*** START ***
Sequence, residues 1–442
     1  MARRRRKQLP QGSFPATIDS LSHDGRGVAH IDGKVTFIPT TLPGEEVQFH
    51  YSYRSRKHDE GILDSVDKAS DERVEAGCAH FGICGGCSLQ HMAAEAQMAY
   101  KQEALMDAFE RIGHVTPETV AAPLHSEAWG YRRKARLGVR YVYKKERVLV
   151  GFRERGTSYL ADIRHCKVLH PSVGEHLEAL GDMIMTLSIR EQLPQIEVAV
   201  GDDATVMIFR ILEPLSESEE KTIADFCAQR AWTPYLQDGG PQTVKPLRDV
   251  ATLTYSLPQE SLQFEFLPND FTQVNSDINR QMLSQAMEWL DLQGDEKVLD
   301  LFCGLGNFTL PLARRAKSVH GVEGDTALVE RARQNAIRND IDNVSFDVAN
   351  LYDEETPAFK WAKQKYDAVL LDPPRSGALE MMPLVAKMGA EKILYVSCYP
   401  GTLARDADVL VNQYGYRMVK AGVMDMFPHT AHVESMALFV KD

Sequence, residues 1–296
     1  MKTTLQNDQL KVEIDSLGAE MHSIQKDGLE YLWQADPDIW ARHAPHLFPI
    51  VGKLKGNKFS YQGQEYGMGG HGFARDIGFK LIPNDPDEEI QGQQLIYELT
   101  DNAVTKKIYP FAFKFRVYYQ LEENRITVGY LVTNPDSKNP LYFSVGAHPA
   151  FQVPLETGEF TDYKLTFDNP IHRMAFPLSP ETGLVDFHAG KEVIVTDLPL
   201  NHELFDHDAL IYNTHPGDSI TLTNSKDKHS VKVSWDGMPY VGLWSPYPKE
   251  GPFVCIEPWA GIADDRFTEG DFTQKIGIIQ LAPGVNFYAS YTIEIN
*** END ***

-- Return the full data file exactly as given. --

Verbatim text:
Sequence, residues 1–442
     1  MARRRRKQLP QGSFPATIDS LSHDGRGVAH IDGKVTFIPT TLPGEEVQFH
    51  YSYRSRKHDE GILDSVDKAS DERVEAGCAH FGICGGCSLQ HMAAEAQMAY
   101  KQEALMDAFE RIGHVTPETV AAPLHSEAWG YRRKARLGVR YVYKKERVLV
   151  GFRERGTSYL ADIRHCKVLH PSVGEHLEAL GDMIMTLSIR EQLPQIEVAV
   201  GDDATVMIFR ILEPLSESEE KTIADFCAQR AWTPYLQDGG PQTVKPLRDV
   251  ATLTYSLPQE SLQFEFLPND FTQVNSDINR QMLSQAMEWL DLQGDEKVLD
   301  LFCGLGNFTL PLARRAKSVH GVEGDTALVE RARQNAIRND IDNVSFDVAN
   351  LYDEETPAFK WAKQKYDAVL LDPPRSGALE MMPLVAKMGA EKILYVSCYP
   401  GTLARDADVL VNQYGYRMVK AGVMDMFPHT AHVESMALFV KD

Sequence, residues 1–296
     1  MKTTLQNDQL KVEIDSLGAE MHSIQKDGLE YLWQADPDIW ARHAPHLFPI
    51  VGKLKGNKFS YQGQEYGMGG HGFARDIGFK LIPNDPDEEI QGQQLIYELT
   101  DNAVTKKIYP FAFKFRVYYQ LEENRITVGY LVTNPDSKNP LYFSVGAHPA
   151  FQVPLETGEF TDYKLTFDNP IHRMAFPLSP ETGLVDFHAG KEVIVTDLPL
   201  NHELFDHDAL IYNTHPGDSI TLTNSKDKHS VKVSWDGMPY VGLWSPYPKE
   251  GPFVCIEPWA GIADDRFTEG DFTQKIGIIQ LAPGVNFYAS YTIEIN